Small rise in heart attack protein linked to increased risk of early death in all age groups
A new analysis of patients' heart data has shown that even a slight increase in a protein linked to heart attacks, called troponin, is linked to an increased risk of early death at all ages.
Clinicians use troponin testing, alongside other investigations, to determine whether a patient is having a heart attack and to inform treatment choices. It has been assumed that the higher the amount of troponin in the blood, the higher the risk of death in all age groups.
In a large new study, published in the British Medical Journal, researchers from the National Institute of Health Research Health Informatics Collaborative (NIHR-HIC) led by Imperial College Healthcare NHS Trust and Imperial College London found that a raised troponin level was associated with an increase in risk of death in all age groups. This was seen even if the troponin result was slightly raised, with the increased risk of death occurring very early.
They also showed that that regardless of age, the higher the amount of troponin in the blood, the higher the risk of death in patients with a heart attack. The results suggests that even a small rise in troponin in all age groups is clinically significant and can indicate underlying health problems.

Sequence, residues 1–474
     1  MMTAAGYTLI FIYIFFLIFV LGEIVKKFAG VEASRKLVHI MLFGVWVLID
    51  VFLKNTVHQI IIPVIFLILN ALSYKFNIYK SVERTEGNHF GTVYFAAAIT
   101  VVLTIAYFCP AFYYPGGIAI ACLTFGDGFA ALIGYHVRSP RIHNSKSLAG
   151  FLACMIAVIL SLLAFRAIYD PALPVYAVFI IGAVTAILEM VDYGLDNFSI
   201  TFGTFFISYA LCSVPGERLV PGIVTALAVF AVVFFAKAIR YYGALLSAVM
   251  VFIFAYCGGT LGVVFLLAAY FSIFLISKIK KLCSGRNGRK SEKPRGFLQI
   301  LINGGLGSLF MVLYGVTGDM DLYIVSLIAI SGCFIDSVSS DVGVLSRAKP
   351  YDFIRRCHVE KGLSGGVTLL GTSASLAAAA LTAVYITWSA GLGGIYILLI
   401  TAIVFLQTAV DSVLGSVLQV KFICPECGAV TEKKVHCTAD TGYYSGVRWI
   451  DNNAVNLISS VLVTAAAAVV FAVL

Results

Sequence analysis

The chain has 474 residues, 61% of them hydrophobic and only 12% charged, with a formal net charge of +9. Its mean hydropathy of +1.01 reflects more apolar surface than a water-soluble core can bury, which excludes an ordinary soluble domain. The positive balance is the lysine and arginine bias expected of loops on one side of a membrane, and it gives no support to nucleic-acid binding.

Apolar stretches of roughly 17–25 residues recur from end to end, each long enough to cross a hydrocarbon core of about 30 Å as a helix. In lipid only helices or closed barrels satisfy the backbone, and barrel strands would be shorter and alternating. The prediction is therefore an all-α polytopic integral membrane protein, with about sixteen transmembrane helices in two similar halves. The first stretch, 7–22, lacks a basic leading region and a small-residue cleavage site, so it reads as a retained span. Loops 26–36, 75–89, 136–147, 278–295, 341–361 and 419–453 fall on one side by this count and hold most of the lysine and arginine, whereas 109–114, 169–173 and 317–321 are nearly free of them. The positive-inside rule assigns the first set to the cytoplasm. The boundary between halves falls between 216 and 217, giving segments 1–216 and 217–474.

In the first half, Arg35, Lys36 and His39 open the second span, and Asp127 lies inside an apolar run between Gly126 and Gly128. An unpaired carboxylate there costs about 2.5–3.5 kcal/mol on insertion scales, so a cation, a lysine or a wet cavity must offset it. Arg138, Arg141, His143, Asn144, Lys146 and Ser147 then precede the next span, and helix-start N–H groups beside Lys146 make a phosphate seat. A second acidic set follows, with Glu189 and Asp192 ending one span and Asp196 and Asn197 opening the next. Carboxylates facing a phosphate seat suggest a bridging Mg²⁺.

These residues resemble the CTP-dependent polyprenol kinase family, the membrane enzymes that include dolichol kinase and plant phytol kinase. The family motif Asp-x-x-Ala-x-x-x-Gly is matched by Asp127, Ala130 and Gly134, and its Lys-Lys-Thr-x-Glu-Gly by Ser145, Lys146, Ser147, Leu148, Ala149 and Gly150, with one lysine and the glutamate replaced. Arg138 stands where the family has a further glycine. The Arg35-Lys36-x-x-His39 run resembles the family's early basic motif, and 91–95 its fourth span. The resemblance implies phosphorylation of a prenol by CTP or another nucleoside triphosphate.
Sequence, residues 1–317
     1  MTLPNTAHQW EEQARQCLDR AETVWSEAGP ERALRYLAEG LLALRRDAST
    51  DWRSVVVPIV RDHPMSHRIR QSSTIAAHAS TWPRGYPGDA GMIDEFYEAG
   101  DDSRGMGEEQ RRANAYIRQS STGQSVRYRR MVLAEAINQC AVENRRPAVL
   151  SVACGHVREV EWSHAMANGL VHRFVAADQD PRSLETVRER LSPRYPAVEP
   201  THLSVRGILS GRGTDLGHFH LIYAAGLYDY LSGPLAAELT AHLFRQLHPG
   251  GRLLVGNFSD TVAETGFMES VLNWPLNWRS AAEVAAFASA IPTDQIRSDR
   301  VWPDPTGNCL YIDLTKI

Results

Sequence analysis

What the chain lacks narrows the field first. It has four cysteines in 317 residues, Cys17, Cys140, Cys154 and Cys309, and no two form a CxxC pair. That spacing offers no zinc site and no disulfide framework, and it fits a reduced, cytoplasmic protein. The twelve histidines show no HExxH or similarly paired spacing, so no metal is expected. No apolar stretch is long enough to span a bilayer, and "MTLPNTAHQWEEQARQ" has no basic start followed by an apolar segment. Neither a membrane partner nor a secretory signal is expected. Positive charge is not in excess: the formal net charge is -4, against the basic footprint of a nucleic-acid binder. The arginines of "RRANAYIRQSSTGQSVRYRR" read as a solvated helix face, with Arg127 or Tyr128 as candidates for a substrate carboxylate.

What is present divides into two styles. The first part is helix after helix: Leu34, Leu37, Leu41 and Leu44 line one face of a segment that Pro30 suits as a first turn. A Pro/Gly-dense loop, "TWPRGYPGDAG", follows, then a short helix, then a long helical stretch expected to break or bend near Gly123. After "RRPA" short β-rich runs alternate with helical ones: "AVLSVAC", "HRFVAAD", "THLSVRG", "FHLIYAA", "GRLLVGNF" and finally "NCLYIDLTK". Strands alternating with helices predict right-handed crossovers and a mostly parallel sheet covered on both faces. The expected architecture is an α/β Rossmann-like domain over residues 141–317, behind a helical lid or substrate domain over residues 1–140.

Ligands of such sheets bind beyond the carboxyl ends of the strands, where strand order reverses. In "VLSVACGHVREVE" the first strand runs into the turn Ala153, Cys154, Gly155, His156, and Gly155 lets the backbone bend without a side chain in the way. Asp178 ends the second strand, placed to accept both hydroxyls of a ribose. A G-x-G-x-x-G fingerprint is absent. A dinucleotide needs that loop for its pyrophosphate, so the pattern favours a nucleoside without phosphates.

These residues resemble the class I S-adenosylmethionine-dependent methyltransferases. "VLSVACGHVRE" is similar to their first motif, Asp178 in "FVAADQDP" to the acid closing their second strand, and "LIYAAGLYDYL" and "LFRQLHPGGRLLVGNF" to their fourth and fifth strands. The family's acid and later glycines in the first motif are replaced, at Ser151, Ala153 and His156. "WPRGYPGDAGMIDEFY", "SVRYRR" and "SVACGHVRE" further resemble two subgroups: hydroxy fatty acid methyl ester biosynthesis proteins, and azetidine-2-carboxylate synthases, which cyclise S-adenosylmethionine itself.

However, the team also found that, contrary to what they expected, very high levels of troponin in the blood in patients with a heart attack was associated with a lower risk of dying. They suggest that a possible reason is that patients with very high troponin levels are more likely to have a type of heart attack which can be treated by an operation to improve blood flow to the heart and therefore reduce the risk of dying.
Amit Kaura, lead author of the research and NIHR Clinical Research Fellow at Imperial College London, said: "There have been many advances in treating heart disease yet it remains the leading cause of death in the UK and around the world. This is the first study to address the implications of raised troponin in a real world large sample of patients across a wide range of ages. Doctors will be able to use this information to help identify the risk of early death in patients who have a troponin level measured; this could lead to interventions at a much earlier stage in a wider group of patients than are currently treated."
The researchers found that in young patients (18-29 years), those whose blood showed a raised troponin had a 10-fold higher risk of death than those whose blood did not. This increased risk fell with age, reaching 1.5 times the risk in patients over the age of 90. Nevertheless, even in very elderly patients, raised troponin in the blood signifies a higher risk of dying. Over the age of 80, almost half of patients with a raised troponin level died within three years.
They also found that even when doctors do not think the primary problem is a heart attack, the presence of a raised troponin in the blood signifies an increased risk of death. Therefore, the troponin result provides meaningful information in all age groups, regardless of the underlying problem.